The federal Conservative government is now providing punch lines for jokes about how 'transparent' they are.
Q. How much money does a federal employee have to pull in before the government makes it public?
A. About half a million dollars.
Too bad no one's laughing.
In a stunning move on June 5, CPC backbencher Brad Butt introduced government amendments to a Private Member's bill (Bill C-461) sponsored by now former CPC MP Brent Rathgeber. C-461 contained a number of provisions to amend the Access to Information Act, including one that would have allowed the names of federal public servants making more than $188,000 per year to be disclosed.
Apparently this is more transparency than the Prime Minister's Office can handle. Despite the fact that Ontario discloses public sector salaries above $100,000, and British Columbia sets the threshold even lower at $75,000, the government wanted to raise Rathgeber's already-generous limit to match "...the maximum total annual monetary income that could be paid to a Deputy Minister."
In more direct terms, this translates to a disclosure threshold of $444,000, more than double the amount contained in the original bill.
According to Rathgeber, these "eviscerating" amendments were completely unsupported by evidence--a theme that runs through a growing number of this government's positions. In his words:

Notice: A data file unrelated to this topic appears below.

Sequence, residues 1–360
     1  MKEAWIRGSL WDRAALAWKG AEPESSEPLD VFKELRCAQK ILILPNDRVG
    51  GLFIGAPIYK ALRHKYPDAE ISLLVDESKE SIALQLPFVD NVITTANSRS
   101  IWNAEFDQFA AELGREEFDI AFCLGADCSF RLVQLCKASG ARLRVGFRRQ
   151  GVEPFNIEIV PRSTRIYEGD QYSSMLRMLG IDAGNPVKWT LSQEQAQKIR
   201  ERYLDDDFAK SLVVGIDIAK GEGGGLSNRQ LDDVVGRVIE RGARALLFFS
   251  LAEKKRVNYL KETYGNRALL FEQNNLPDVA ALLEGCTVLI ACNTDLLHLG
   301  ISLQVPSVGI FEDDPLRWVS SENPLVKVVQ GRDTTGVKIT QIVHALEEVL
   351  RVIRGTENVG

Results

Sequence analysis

The government chose to gut my transparency bill despite not a single witness testifying at the Access Committee in support of either eviscerating amendment...The Committee hearings (as all are) were a charade. The decisions on amendments were made by unelected staffers weeks before the Committee hearings even commenced. Compliant MPs just do what they are told by PMO staffers. That the PMO operates so opaquely and routinely without supervision is an affront to the constitutional requirements of responsible government...
In response, Rathgeber resigned from the Conservative caucus Wednesday evening, stating that "I have reluctantly come to the inescapable conclusion that the Government's lack of support for my transparency bill is tantamount to a lack of support for transparency and open government generally."
Over the last several months, the federal government has repeatedly thrown up the claim that theirs is "the most transparent government in Canadian history," even in the face of overwhelming evidence that it is categorically untrue. Canada, in fact, has been sliding on international transparency rankings for years. We now sit, for instance, 55th among the 93 countries surveyed in the Centre for Law and Democracy's 2012 transparency report.
Even the practice of stomping on backbenchers who push for more transparency is nothing new for this government.
In 2009, the Commons Access to Information, Privacy and Ethics Committee (the same committee studying Rathgeber's bill) managed to overcome party differences to issue a unanimous report in hopes of fixing our increasingly dysfunctional ATI system. The committee had been studying a 12-point plan by former Information Commissioner Robert Marleau to deal with what he described as "a major information management crisis throughout government."
Conservative Justice Minister Rob Nicholson rejected all of the Committee's recommendations, even though members of his own party had signed on to the report. As for the crisis facing the ATI system, the Minister said legislative action wasn't needed because "enhanced guidance and training that can be equally effective to realize continued improvements."
Given Mr. Rathgeber's experience, we are not optimistic about how current Information Commissioner Legault's ATI reform recommendations will be received later this year.
Rathgeber's proposals deserved better. We all deserve better.